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July 19, 2013 6:40 pm
“Are these people looking for a job?” asks the taxi driver as we pull up outside Dominique Ansel Bakery in Spring Street, SoHo, at 7.15 on a hot Monday morning. A few hundred faces are gathered at the bakery door, forming a queue that reaches patiently down the block and into the next street. Why else would they be standing here, if not for a good reason, such as finding work?
“They’re queuing to buy cronuts,” I tell the driver, and when I explain what a cronut is – yes, it’s just a pastry – he looks dumbfounded.
This croissant-doughnut composite, created at the hands of French baker Dominique Ansel, has enjoyed such crazed and consistent popularity since it launched in May that New Yorkers are sacrificing hours of sleep in order to try it. There are queues every day, and those who aren’t prepared to queue are willing to offer 10 times the retail price on classifieds site Craigslist.
The pastry cross-breed certainly sounds like it has a lot going for it: all the flaky layers of a croissant in a ring shape, with the richness of a doughnut and some extras thrown into the bargain – the grapeseed oil-fried laminated dough contains a delicate patisserie cream, and is topped with a swirl of icing.
Demand is so strong that Ansel has trademarked the cronut name, while imitators have swarmed into the market with the dough’ssant, the zonut and the frissant. At Duck & Waffle in London (Sundays only), you can now order the dosant.
On a page labelled “Cronut 101” on the bakery’s website, Ansel advises customers to arrive before 7am (the bakery opens at 8am) but many of those ahead of me evidently got here long before that – some at 4am, if we’re to believe the rumour that passes down the queue – all for a chance to buy a $5 pastry that may or may not revolutionise breakfast as we know it.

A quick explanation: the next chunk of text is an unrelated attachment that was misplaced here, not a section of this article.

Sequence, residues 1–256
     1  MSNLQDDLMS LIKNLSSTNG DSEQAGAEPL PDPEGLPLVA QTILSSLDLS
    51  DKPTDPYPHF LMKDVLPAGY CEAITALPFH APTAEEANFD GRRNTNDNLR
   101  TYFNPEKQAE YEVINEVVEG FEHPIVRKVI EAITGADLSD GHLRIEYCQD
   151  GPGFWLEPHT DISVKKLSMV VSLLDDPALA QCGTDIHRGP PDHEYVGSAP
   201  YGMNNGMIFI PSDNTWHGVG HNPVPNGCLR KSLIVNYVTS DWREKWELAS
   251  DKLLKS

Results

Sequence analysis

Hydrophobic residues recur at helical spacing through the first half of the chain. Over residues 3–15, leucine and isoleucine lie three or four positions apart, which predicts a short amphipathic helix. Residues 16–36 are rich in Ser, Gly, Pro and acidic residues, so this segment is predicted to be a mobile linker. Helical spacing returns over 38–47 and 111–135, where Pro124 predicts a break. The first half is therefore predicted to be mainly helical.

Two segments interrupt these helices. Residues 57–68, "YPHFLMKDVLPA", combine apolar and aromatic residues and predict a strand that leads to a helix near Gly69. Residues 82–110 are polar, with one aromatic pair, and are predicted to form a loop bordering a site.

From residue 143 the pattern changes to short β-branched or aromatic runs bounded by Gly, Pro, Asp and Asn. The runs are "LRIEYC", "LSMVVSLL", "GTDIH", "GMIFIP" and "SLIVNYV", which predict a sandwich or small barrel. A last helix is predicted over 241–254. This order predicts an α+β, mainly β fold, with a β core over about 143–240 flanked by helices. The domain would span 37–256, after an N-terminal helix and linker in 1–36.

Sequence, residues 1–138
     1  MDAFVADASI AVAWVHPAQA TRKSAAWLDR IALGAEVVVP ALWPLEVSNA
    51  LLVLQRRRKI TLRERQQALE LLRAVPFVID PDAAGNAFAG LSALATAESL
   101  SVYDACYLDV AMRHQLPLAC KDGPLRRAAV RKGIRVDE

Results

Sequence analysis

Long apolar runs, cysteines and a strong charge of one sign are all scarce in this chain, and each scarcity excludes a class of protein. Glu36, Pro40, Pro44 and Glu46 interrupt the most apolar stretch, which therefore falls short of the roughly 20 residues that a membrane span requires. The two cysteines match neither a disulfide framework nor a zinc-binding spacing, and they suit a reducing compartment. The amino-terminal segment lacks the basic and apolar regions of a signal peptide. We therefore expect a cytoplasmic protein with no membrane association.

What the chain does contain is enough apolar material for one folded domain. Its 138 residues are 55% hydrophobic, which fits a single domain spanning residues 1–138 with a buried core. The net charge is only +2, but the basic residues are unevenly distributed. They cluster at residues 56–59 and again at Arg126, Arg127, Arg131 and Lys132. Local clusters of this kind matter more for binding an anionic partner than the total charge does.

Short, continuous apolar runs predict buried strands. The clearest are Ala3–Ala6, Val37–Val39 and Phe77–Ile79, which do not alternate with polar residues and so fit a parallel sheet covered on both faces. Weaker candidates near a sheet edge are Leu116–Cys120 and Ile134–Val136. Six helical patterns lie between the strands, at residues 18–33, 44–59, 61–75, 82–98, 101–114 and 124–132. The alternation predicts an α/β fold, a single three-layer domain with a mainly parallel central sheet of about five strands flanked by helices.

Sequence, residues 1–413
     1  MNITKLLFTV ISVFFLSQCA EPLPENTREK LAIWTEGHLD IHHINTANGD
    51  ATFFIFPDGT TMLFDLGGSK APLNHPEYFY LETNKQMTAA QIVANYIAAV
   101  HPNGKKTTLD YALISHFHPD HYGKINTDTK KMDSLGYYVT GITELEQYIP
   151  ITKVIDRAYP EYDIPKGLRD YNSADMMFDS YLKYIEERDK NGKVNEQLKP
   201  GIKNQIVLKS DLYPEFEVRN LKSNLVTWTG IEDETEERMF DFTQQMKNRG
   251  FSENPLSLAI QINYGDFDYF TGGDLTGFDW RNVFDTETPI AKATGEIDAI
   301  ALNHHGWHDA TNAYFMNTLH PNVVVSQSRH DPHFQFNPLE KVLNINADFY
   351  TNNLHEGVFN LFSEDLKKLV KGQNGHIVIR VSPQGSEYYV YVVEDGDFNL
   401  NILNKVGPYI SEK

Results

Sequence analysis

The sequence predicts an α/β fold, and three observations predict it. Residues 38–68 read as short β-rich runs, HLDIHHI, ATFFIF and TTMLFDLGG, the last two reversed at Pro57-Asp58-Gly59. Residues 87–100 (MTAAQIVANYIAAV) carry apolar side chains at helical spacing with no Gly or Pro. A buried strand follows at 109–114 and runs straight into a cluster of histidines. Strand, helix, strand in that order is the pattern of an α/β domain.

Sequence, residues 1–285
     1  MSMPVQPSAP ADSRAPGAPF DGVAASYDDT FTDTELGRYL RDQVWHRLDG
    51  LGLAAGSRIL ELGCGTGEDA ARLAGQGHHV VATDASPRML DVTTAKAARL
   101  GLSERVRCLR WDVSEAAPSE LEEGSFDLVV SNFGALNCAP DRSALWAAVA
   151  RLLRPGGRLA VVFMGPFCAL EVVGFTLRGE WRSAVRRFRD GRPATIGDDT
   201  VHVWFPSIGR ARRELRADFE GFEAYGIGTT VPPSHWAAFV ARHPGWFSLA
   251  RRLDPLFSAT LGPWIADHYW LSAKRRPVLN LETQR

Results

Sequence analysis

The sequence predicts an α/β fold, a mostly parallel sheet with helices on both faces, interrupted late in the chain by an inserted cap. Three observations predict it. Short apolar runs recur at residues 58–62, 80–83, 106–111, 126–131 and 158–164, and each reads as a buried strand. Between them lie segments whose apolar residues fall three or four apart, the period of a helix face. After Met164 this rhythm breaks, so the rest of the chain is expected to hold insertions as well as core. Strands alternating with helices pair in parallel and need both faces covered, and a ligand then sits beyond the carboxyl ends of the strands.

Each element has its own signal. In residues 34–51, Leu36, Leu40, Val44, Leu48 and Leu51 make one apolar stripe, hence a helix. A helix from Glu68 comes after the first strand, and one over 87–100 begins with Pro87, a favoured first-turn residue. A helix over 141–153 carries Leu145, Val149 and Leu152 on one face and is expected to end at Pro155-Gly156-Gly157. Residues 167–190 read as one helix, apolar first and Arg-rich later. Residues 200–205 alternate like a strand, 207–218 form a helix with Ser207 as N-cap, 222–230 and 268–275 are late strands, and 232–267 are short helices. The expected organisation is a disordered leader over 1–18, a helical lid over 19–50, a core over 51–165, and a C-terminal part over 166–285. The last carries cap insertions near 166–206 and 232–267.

When New Yorkers take to a food trend, they do it with gusto. Just witness the excitement around the bone “luge” (a cocktail downed from a bone marrow shank), or the overnight popularity of the Vietnamese Banh Mi sandwich a couple of years back.
But still, as long lines for food go – the kind where you shuffle forward slowly, hungrily, half-steps at a time – this one is upbeat. There is no arguing. No tetchiness. Instead, there is a sunny cronut-will-cure-all optimism, and there is conversation.
Three sisters behind me are here on their fourth cronut attempt. The man next to me, standing with a violin case on his back, is a music teacher from Hawaii who has been to a business conference upstate and added a day in the city just to buy a cronut. He tells me about the current demand for violin lessons on Hawaii (very strong), and the Hawaiian weather phenomenon of “liquid sunshine”. Now and again a street cleaner or passer-by stops to ask someone in the queue what they’re doing and, each time, they walk off looking unimpressed with the answer. Eventually, we round the corner from the Vesuvio playground at the back of the bakery, where tennis players are practising against the wall.
We can now see the sign for the bakery, and we can also see Ansel himself intermittently sticking his head out the door to assess his believers. A member of his staff is sent out down the line at about 8.30am with an elegant tray of thimble-sized lemon madeleines, hot from the oven. I notice a van parked outside the bakery that reads: “Catch the cronut craze, advertise on this truck” and I start to feel very hungry.
As the strike of 9am approaches, anxiety spreads down what remains of the line; only a limited number of cronuts is made each day, though Ansel says he is making more (with plans to go nationwide). At last, the door swings open – only to reveal another queue inside. This is the real queue, the hand-biting kind, as the golden boxes (one per person) containing pairs of cronuts get closer. I’m next, three or four boxes away from the end of the supply.
Ten dollars later, two of the fabled prizes are finally mine, and with a cup of tea I wander out to the tables in the bakery’s courtyard. How good can a cronut be? The deeply buttery richness of the pastry is wonderful, crispy and stacked high with greedy, messy-to-eat layers; the lemon-maple cream is pleasingly sickly.
Looking back, I feel a breakfast pang just thinking about it. But most of all I remember that queue: its fun and forbearance, and its friendly march towards the bakery door.
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